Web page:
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Six-week postnatal checks for new mothers should be funded, claims RCGP

The RCGP has called for a six-week check for new mothers to come into funding allocations, to ensure GPs have time to check both the baby and mother's health. 

It follows research by the National Childbirth Trust which found that 47% of women who have recently given birth get less than three minutes, or no time at all, to discuss their own health at postnatal checks. 

It also disclosed that in nearly a third of cases, the vast majority of appointments were spent discussing the baby, leaving less than three minutes centred on the mother's health, while 16% of new mothers had their entire timeslot focused on their child. A further quarter were not asked about their emotional or mental health during this period. 

However, further research revealed that 82% of mothers who received treatment for their emotional or mental health said it helped.

It comes almost a year after the Government said postnatal checks would be considered as part of the GP contract.

Chair of the RCGP Professor Helen Stokes-Lampard acknowledged that while having a baby is ‘usually a very special time’, new mothers must feel comfortable enough to voice any concerns with physical and mental health with their GP to gain the correct support.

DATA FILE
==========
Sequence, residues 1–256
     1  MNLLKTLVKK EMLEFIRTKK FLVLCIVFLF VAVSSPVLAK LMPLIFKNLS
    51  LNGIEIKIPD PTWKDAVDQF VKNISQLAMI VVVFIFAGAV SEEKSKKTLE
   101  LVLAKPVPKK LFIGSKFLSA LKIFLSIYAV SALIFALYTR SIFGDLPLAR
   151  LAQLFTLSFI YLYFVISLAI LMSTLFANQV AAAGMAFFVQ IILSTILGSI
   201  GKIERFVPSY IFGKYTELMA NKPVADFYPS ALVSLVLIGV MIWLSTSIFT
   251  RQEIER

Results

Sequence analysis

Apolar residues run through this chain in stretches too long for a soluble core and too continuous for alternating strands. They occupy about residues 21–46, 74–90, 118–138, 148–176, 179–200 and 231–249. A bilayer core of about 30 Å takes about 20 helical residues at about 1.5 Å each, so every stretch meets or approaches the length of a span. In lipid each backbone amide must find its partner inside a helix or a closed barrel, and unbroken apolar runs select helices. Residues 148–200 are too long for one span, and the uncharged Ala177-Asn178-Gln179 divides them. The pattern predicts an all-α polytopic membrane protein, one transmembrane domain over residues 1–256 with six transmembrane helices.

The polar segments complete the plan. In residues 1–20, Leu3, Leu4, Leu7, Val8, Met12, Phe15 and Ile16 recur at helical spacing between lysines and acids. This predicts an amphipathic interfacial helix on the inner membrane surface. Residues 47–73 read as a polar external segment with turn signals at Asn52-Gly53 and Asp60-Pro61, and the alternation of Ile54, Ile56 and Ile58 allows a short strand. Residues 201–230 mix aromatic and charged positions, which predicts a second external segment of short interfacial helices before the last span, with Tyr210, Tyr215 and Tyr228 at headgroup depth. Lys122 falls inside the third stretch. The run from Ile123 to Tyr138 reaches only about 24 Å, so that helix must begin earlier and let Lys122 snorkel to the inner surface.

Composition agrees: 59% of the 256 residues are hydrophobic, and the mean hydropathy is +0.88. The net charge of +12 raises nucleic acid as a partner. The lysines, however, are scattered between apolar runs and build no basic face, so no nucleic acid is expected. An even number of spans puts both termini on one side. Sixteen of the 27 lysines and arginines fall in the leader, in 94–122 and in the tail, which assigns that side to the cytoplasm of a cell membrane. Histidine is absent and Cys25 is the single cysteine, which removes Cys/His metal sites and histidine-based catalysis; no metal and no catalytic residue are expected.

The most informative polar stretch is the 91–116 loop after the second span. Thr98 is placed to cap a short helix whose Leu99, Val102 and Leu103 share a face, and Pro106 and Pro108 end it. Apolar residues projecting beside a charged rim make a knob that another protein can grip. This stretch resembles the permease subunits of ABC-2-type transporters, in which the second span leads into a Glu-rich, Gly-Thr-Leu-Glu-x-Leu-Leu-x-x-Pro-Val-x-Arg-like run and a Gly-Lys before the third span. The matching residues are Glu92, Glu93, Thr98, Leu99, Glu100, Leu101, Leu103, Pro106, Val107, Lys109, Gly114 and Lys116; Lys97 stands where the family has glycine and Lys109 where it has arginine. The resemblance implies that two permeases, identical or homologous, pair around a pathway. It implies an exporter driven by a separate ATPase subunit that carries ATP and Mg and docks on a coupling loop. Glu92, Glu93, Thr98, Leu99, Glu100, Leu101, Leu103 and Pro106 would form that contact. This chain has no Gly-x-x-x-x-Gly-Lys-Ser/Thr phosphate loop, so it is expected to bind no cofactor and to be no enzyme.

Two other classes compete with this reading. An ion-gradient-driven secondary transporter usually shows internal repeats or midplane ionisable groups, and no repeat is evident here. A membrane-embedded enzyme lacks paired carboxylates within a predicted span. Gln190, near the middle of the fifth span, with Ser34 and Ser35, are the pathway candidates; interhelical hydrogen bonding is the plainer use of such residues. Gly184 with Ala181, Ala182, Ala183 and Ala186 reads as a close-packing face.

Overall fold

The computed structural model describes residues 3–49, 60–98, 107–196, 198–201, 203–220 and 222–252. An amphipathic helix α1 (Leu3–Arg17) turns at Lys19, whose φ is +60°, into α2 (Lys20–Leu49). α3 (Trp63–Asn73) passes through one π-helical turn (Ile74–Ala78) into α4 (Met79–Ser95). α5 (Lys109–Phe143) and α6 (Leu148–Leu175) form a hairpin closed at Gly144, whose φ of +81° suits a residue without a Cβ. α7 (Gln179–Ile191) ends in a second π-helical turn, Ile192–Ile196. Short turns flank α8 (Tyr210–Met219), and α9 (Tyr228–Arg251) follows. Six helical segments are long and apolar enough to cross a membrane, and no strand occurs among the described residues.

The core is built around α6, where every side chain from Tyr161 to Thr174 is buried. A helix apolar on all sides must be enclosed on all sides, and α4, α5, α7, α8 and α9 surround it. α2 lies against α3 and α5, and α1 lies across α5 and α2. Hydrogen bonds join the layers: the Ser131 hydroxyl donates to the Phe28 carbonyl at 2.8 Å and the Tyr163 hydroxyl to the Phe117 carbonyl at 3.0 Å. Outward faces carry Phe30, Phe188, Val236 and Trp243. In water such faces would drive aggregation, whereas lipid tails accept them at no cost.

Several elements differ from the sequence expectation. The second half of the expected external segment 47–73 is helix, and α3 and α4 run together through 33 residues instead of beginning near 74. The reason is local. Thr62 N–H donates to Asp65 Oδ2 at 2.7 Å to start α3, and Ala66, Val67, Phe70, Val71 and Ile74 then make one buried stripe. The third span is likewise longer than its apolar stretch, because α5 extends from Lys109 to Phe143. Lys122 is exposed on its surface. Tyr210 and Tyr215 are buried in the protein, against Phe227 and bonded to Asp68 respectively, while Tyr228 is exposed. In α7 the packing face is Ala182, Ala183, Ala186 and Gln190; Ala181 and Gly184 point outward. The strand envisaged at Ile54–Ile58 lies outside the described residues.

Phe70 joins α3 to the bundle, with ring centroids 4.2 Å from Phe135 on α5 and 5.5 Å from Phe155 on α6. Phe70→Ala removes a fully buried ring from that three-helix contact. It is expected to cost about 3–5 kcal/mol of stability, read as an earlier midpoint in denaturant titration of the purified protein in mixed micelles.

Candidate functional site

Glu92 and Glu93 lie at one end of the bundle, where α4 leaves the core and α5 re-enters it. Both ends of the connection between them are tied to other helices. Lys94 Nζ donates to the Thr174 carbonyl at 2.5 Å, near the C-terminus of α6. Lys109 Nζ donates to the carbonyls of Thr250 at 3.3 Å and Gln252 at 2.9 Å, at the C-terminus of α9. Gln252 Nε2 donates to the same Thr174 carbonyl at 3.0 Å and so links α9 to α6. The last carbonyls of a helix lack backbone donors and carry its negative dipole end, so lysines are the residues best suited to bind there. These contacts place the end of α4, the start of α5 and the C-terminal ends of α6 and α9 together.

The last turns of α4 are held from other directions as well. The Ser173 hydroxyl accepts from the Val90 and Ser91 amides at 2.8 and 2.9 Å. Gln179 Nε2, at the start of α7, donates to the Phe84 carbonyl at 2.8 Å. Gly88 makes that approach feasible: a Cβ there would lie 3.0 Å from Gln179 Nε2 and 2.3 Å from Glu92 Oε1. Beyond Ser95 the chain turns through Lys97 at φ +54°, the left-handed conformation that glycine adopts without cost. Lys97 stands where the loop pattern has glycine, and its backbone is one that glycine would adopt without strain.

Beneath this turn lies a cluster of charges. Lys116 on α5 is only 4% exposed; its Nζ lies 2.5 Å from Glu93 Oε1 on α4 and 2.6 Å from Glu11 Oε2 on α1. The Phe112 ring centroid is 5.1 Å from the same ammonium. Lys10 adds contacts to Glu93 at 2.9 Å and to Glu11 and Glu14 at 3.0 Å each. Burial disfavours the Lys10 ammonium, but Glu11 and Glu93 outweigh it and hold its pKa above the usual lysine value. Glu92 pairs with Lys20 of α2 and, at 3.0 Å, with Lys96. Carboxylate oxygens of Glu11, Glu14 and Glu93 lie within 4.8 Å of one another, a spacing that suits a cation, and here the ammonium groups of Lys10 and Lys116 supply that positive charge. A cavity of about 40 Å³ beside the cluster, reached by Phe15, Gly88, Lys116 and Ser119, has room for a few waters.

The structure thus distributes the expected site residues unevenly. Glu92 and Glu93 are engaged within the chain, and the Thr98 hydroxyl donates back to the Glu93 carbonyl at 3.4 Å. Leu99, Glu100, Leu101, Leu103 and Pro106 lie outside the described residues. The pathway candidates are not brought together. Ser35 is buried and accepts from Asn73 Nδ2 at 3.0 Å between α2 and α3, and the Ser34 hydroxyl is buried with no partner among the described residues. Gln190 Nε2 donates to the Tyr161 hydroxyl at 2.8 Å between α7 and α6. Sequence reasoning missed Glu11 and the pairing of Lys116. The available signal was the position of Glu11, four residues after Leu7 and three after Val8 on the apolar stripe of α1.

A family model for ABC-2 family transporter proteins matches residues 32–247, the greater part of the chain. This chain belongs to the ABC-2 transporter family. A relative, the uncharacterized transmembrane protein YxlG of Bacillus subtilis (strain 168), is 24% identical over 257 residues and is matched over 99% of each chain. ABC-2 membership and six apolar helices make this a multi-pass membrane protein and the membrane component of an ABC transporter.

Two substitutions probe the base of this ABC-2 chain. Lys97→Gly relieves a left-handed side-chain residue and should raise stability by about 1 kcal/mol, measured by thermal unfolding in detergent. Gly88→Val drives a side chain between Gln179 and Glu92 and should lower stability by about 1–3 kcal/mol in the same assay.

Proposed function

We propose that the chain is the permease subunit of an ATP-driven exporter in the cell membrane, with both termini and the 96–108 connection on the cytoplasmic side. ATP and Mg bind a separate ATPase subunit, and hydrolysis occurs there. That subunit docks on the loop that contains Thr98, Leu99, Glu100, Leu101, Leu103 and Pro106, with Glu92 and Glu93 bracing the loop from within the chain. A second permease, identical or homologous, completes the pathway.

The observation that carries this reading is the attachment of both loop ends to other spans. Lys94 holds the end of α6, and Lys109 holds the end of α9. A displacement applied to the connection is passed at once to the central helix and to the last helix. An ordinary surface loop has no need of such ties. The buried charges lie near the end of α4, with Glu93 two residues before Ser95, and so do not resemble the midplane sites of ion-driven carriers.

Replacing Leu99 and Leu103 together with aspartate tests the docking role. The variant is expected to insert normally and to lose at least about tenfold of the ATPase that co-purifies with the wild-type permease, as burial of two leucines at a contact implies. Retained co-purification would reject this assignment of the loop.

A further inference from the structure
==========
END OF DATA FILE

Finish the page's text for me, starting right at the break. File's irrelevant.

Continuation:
She also said: ‘The routine six-week postnatal check, usually offered to all new mothers in addition to the formal health check of their newborn baby, should be a time for the GP to be able to talk to women about issues affecting their mental and physical health and wellbeing and take steps to address them.

‘But, even though six-week checks are generally longer than the standard 10-minute appointment, it is still incredibly hard for GPs to explore all the different factors potentially affecting a new mother’s health within the time constraints – particularly at a time when general practice is facing intense resource and workforce pressures.

‘Checks for new mothers need to be funded and promoted in the same way that checks for newborns are so that GPs can spend the time they feel they need to with both the baby and its mother. We hope today’s calls from the National Childbirth Trust for the Government to fund checks for all new mothers are given serious consideration so that we can continue to give all of our patients, including new mothers, the care they need and deserve.’

Kent GP Dr Stephanie de Giorgio added: ‘As a GP who’s looked after postnatal women for years, I know many of them can find it difficult to talk to us for all sorts of reasons. Dedicated time for them is vital so we can find out who is struggling and let them know how to seek help if they start to find things too difficult.

‘The only way that health professionals are going to be able to do this is if the government and NHS England agree to fund an appointment solely for new mothers.’

Last year, NHS England also pledged that full coverage for perinatal mental health services would be implemented by this spring. 

 

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